Failing to Meta-Game Causes Problems

Wait, what? Isn’t “meta-gaming” bad?

Not usually. Firstly, we need to pin down what I mean by “meta-gaming”. The way I see it commonly used, it means “cheating”. But cheating doesn’t mean meta-gaming.

Meta (from the Greek meta- μετά- meaning “after” or “beyond”) is a prefix meaning more comprehensive or transcending

— https://en.wikipedia.org/wiki/Meta

So, “meta-gaming” then, is “actions or knowledge which are more comprehensive or transcend the game space“. It’s on that second qualifier, that I want to focus.

Transcend (verb) “to rise above or go beyond the limits of”

— https://www.merriam-webster.com/dictionary/transcend

Imagine what you might know if your full time job involved climbing a hill twice a day, hunting for glowing mushrooms of energy that, under the right conditions, cured a nasty and fatal illness. You’ll have to imagine, of course, because that job doesn’t really exist. What if we wanted to play in a game about it? What would your character reasonably know? A good place to start would be reading the game’s setting guide or “world book”, perhaps?

That’s meta-gaming, in a nutshell. When you, the player, import material that “transcends the game” — stuff from books, like setting and rules — that is meta-gaming. That’s not automatically “cheating” though, is it?

If your character spends 18 hours a day plotting and refining hyperspace navigation courses and “jumping” stellar singularity objects that warp the readings of AI sensor systems, that character likely knows something that you, the player, does not. Or if that character is any good at their job, we certainly hope they do.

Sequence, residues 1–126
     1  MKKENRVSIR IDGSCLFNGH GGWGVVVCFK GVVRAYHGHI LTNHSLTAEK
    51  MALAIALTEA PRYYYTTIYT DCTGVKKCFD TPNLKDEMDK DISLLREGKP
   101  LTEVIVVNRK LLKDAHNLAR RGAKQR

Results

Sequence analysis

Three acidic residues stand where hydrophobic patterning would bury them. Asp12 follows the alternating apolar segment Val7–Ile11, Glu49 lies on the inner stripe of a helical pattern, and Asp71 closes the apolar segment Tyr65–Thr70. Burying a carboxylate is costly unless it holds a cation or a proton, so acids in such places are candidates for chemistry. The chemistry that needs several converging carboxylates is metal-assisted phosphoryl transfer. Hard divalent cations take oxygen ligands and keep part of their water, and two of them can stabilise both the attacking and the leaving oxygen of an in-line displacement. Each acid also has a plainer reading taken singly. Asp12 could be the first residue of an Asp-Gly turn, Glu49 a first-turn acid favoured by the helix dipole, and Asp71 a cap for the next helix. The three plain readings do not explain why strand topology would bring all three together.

They live, breathe, work, laugh and cry in that world-setting / rules-set. Just like, here, the speed of light is the hard-limit to the the propagation of causality, and just like quantum mechanics makes rainbows, the world-setting of your character has rules. The character, should know some, if not all, of them.It’s not a surprise that magic requires hand-waving, literal hand-waving, for some spells in some Fantasy settings. It’s not a surprise that the further the enemy is away, the harder they are to target with a blaster pistol in some Sci-Fi / Space Opera settings. Depending on the nature of the character and the world-setting, the character may know exactly how much hand-waving means “explosion incoming”, or how much the need to overload their weapon power-pack to get the extra power to compensate for the range.

Or maybe they don’t. Janitors know different things from mechanics, from doctors, from pilots, from metal-workers, from sex-workers, from cashiers. In all these circumstances, however, unless you, the player, actually do that same job in that same world in real life, you have to import knowledge that you possess from both the rule-book and the world-setting into the game so that your character can seem at least vaguely plausible.

Meta-gaming is not inherently bad.

We have to meta-game constantly, if we want to role-play.

So why does meta-gaming get such a bad rap? As I commented earlier, it’s the bit about “cheating”.

Generally, it’s a very specific kind of “cheating”, and it’s the most difficult kind to point out, so we don’t want to use the word “cheating”.